Roger, may I ask you how you felt about hip hop when it was new? Did it seem
like it could be an important development for music? It was for the
business, but for music? I could barely relate to it as music then, but I'm
more open to it today.
If we are in a musical lull, not just a business lull, then it probably
happened before in history. Wasn't the Rococo Period, in music, once
considered a lame interlude between cerebral Baroque and disciplined
Classical? Classical itself was temporarily overshadowed by those wacky
Romantics that the new middle-classes were all gone for. Heaven save our
high art from such cynical racket!
I love how Slonimsky's Invective reminds us that we see the future in our
rear-view mirrors, especially when it comes to art. 50 years from now, Cage,
Riley, and Glass may be seen as decorative neo-Rococo amusements that gave a
pause before what was really going to happen. Or we may look back on them,
and other once obscure contemporaries, and then see that they all
contributed. That's what I hope for, anyway.
Like the multinational business world, the big music business is in a
Rococo-style period of confusion, spinning ever more grandiose filigree ever
more irrelevant to the changing reality around it. That makes it look like
music itself is also confused. That might be true, where music is so tied to
that business model. It will eventually break free and then give us what we
feared wasn't possible - great new important tunes that inspire the culture
and renew the art-form's importance. Isn't that happening somewhere in the
world, where there isn't yet a business that can contain it? Say in Cairo or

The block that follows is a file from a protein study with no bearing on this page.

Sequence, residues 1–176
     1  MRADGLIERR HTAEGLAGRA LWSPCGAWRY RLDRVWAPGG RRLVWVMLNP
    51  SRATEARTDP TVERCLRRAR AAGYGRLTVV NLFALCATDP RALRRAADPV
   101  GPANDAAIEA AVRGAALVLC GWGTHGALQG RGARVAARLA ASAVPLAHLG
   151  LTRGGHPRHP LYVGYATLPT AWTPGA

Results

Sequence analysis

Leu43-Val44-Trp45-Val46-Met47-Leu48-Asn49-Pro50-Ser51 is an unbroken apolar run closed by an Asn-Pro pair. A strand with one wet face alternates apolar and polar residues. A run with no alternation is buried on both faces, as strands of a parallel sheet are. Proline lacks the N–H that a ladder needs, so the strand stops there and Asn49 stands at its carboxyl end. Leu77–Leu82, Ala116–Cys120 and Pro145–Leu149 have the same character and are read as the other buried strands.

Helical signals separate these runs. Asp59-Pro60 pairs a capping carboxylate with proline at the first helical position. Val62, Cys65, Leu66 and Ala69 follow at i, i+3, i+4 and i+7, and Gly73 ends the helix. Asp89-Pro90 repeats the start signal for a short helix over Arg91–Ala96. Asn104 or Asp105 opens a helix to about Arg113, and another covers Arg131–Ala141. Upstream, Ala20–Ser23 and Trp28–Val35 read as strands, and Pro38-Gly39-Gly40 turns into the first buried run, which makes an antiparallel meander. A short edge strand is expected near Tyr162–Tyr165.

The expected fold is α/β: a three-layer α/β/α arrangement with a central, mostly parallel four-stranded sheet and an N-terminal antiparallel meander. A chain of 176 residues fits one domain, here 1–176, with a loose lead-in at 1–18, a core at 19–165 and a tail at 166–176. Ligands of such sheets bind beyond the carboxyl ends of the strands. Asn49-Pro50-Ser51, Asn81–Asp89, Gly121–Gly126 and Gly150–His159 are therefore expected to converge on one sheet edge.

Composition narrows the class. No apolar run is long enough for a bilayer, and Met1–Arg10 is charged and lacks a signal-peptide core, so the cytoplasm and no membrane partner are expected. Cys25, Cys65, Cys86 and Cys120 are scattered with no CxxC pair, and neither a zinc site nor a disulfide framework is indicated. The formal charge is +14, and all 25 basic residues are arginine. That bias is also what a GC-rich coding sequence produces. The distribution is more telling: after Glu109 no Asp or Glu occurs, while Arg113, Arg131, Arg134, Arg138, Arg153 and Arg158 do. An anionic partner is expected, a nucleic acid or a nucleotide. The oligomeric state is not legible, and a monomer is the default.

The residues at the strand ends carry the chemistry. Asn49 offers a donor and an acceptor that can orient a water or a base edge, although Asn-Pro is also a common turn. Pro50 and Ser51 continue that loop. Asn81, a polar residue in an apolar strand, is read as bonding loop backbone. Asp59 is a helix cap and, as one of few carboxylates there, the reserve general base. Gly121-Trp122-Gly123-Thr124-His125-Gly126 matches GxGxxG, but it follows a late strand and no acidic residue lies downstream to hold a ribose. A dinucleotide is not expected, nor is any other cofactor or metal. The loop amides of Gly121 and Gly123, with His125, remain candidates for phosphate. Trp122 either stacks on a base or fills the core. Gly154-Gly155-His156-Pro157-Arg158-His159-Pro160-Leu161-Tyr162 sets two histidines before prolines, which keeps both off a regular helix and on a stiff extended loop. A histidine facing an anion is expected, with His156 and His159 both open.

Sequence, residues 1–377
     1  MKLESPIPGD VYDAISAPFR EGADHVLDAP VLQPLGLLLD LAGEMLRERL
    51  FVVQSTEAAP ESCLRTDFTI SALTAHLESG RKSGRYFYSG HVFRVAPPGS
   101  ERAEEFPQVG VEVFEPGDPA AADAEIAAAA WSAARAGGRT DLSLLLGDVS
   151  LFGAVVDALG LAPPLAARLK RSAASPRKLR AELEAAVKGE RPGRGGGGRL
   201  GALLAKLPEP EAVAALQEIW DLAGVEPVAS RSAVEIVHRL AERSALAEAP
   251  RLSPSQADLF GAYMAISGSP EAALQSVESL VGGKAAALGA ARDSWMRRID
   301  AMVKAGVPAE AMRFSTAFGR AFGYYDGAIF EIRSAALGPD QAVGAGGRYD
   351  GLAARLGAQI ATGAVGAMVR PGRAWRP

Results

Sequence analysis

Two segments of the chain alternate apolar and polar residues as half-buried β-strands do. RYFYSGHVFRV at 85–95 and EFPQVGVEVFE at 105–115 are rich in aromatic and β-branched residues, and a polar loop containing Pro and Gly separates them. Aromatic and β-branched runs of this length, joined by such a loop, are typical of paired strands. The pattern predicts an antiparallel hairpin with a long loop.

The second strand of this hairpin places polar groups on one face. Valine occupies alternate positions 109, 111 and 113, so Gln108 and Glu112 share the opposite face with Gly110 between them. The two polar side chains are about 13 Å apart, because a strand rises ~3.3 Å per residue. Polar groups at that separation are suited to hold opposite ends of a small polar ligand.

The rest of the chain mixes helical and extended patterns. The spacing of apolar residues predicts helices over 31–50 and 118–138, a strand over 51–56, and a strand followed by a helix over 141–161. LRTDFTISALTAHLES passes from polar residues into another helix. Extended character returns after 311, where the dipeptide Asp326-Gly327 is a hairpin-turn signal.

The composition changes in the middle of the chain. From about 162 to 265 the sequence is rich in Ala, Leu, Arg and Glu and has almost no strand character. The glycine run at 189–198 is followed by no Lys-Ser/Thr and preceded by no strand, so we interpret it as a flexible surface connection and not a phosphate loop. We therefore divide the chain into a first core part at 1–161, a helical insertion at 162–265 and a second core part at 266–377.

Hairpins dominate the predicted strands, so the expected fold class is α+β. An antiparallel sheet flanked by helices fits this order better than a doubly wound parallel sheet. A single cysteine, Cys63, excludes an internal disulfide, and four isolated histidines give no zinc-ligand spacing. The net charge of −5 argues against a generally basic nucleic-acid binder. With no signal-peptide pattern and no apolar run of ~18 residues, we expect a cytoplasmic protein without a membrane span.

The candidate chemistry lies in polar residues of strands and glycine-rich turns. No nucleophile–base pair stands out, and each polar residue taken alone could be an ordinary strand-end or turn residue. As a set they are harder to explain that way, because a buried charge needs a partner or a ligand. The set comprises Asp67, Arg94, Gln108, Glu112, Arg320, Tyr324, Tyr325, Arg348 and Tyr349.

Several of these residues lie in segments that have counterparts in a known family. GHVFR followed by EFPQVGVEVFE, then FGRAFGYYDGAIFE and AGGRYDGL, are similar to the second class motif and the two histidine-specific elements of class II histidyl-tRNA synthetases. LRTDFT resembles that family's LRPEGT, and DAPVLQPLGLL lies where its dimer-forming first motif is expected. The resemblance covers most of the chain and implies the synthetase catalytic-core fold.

So then a new business will arise to support this flowering, wherever it is.
The whole planet will dance to it. And eventually the business will come to
dominant, strangle the music, alienate its customers, turn malignant, and
then music will have another uncomfortable Rococo Period.*
"I don't think music reached a dead end as much as Madison Avenue had become
deaf to anything new."
From Roger Kulp: "...The fact that,by the 1980s,music pretty much reached a
dead end,with no place left to go,is pretty much a recurring theme on this
list.I think the emergence of hip hop at the end of the 70s,was probably the
last really important new development we will ever see..."
What happened in the '80s is that advertisers began demanding narrow-casting
and focus-group programmed radio and most stations jumped at the chance to
get big national advertisers. At that point nothing new and unique could
gain much radio traction. Touring has also become prohibitively expensive
I don't think music reached a dead end as much as Madison Avenue had become
deaf to anything new.
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